Threats of failure motivate some students – but it’s not a technique to use on the whole class


Research output: Contribution to specialist publicationArticle (specialist)


It is the start of a new academic year, and a fresh group of students will be beginning study towards their GCSEs. After two years, they will be taking exams with important consequences: the results can allow them to carry on in education or go on to certain careers.

Part of the work of teachers is to encourage their students to pay attention and fully engage in lessons so that they achieve the best grades possible. They might emphasise to them how important GCSEs are for their future. For example, teachers might point out how good grades can lead to access to college courses, apprenticeships, and the workplace.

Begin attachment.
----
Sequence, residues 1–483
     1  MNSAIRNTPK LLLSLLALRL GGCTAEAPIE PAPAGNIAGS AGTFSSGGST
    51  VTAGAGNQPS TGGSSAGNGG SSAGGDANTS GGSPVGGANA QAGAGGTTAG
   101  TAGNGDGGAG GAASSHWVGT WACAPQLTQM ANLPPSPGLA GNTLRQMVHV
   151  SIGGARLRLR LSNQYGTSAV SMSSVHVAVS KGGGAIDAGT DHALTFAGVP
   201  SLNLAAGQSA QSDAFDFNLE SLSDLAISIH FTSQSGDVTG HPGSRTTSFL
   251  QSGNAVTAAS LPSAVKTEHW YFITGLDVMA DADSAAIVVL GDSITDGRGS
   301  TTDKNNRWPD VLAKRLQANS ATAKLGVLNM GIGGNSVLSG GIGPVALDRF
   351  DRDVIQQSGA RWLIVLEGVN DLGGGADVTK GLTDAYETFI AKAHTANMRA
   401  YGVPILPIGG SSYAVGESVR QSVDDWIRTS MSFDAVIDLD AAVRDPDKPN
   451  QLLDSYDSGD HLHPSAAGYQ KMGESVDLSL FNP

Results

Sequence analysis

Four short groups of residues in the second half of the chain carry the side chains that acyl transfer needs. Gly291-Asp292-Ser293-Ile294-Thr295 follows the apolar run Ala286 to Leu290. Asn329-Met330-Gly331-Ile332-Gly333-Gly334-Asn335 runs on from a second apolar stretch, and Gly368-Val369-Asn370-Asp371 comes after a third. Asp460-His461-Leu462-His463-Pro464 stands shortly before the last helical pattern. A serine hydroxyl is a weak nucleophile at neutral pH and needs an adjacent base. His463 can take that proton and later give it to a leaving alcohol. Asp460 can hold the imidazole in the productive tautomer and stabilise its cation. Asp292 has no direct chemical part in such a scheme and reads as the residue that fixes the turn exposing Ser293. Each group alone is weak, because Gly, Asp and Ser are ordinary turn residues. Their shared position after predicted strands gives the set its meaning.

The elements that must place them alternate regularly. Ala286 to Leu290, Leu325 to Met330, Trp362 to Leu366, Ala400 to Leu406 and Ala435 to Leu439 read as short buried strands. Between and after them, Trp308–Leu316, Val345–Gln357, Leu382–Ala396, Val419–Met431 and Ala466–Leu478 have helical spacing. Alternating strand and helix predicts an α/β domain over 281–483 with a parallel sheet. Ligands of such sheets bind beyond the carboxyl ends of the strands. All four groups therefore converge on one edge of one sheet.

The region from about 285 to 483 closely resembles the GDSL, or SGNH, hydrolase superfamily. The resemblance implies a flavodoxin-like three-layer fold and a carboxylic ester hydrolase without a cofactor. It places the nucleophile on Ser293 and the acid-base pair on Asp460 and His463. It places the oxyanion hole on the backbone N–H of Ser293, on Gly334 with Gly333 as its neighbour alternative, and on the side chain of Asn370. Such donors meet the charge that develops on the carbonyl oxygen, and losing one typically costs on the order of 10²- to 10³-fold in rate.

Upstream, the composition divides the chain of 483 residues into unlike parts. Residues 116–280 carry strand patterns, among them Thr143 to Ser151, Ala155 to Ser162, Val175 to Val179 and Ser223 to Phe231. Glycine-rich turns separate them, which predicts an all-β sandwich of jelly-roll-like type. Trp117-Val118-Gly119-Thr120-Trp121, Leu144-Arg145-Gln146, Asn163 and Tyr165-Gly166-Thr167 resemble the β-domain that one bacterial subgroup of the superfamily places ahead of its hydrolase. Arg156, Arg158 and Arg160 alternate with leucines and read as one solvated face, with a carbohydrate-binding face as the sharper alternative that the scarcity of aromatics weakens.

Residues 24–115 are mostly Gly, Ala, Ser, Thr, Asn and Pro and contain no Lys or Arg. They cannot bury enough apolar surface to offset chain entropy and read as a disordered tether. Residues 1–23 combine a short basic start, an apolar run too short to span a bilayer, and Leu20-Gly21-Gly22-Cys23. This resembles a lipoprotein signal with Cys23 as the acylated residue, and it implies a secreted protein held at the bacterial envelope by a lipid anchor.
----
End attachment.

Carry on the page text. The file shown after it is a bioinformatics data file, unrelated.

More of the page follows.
And in dwelling on the importance of GCSEs, teachers may also use messages that focus on the possible negative effects of failure. These include things like: “If you do not work hard, you will fail your GCSEs and you will not get into college.”

We researched how students interpret these motivational strategies from their teachers and found that while warnings of failure are likely to encourage some pupils to work hard, it’s not a message that should be delivered to the whole class.
Original languageEnglish
Specialist publicationThe Conversation
Publication statusPublished - 27 Sept 2023


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